Each year, as the clock ticks past the New Year, companies reveal their latest gadgets at CES, and popular publications release their predictions on the future of design and technology. Many of these seem like futuristic depictions, full of video calls and flying cars, but looking at technology trends of the past, we’re able to give reasonable predictions to some of the things we’ll see in 2018.
Phones will continue the trend toward larger screens with thinner, smaller bezels. Nothing surprising here, but there will be more of a focus toward battery life and longevity. Device reliability will become a larger factor with new devices. This will cause a change in upgrading habits, and we predict the formerly one-to-two year upgrade cycle will be supplanted by a three-plus year upgrade cycle. New 3D sensors will lure some, but the adoption curve will lengthen as smartphone users, currently at 31% global share, continue to take people from feature phones, which are less technical phones, thought of as being between a smartphone and basic phone.
Augmented Reality (AR)
This will be a big year for augmented reality technology. We began to see the start of this in 2017, but we’ll see more practical examples of what this technology can do. More eCommerce companies will demonstrate their capabilities using software, and other tools like Magic Leap or the sensors developed with Tango will make these experiences easier to develop and simpler to share.
We’ve seen a slow and steady rise in electric car interest, but 2018 will bring a wide array of affordable and exciting electric car options from Tesla’s Model 3, Nissan Leaf, Ford Focus, BMW i3, Volkswagen eGolf, Chevrolet Bolt, and others, giving consumers a wide selection of affordable electric car options. While these cars will start to make a bigger impact on gas stations, batteries, and charging tech, in-car entertainment is where we’ll see the biggest changes.
As cars become more electric and self driving, we’ll see a trend of cars turning into both the office and the living room. Expect Echo-like voice controls, in-car video, WiFi and food ordering. The Uber/Lyft trend will also put more focus on the backseat experience that we typically see in minivans and SUVs.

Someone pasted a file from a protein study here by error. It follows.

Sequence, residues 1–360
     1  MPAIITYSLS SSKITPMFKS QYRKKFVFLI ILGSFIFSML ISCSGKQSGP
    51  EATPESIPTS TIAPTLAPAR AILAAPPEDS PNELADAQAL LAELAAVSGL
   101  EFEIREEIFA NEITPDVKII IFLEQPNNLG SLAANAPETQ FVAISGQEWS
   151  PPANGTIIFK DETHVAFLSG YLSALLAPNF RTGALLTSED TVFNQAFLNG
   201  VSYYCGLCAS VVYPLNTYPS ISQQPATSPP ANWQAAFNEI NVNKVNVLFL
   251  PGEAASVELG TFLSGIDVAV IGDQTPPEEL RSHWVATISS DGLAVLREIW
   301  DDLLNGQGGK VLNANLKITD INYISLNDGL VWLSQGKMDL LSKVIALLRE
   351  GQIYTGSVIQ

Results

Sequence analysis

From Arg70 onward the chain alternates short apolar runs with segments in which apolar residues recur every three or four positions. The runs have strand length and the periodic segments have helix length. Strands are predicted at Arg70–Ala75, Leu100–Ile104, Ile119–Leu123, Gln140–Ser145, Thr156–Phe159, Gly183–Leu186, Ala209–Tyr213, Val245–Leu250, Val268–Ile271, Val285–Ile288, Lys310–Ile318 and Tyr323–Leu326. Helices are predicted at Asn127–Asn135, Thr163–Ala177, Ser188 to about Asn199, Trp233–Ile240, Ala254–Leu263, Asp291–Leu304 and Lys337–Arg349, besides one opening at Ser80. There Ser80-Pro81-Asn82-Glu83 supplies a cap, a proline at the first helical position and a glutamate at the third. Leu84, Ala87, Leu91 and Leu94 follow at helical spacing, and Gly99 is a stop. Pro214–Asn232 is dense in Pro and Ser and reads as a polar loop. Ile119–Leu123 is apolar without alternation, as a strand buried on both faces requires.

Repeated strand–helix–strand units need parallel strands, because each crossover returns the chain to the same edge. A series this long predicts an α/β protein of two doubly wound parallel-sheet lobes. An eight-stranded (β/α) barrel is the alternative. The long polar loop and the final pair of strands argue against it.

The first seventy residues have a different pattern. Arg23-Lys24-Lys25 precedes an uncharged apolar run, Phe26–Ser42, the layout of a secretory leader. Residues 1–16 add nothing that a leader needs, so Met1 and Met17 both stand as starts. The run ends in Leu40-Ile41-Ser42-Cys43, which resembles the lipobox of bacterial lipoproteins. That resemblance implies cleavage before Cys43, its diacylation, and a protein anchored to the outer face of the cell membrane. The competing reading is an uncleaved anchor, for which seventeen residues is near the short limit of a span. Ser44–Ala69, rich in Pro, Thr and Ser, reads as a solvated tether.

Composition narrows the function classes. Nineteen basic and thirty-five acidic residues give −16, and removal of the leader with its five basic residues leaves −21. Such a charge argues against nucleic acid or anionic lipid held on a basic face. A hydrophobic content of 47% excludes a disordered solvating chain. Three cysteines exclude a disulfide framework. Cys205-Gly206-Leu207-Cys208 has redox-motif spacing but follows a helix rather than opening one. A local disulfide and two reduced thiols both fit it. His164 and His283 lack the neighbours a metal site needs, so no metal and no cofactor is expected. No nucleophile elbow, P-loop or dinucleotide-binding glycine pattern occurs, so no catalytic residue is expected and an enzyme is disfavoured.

Virtual Reality (VR)
The interest in augmented reality will leave virtual reality as the interesting, but lonely second favorite child. The technology will continue to be fragmented, and while it will see usage and interest increase, it’s unlikely to be the “it” thing for 2018, due to the increase in augmented reality (as mentioned above). The VIVE and Daydream updates will be released, improving quality and lowering price, but without accompanying mobile apps to help position them in the market, they will remain niche products.
Voice will continue to grow in popularity and omnipresence. We’ll start seeing Amazon Echo and Google Assistant experiences in more places, from appliances, and wearables in the home, in cars, and we’ll continue to see experiences in the workplace. The quality of the voice recognition and personalization will improve along with the depth of the custom voice apps.
As the price of a WiFi and Bluetooth Low Energy (BLE) chips continue to drop, we’ll see an increase in devices that include home automation as a feature. We’re already seeing this across a number of lights, locks, refrigerators and stoves, but the trend will continue as this technology is simplified for the masses. No one really thinks they need IoT home automation in their toaster, hair dryer or grill until they wonder, “Did I leave that on?”
Keeping Tabs on Trends
The new tech that comes along with the New Year is something that our team always expects. Yet, the excitement never wanes, and we’re intrigued by the possibilities that new technologies bring to the table.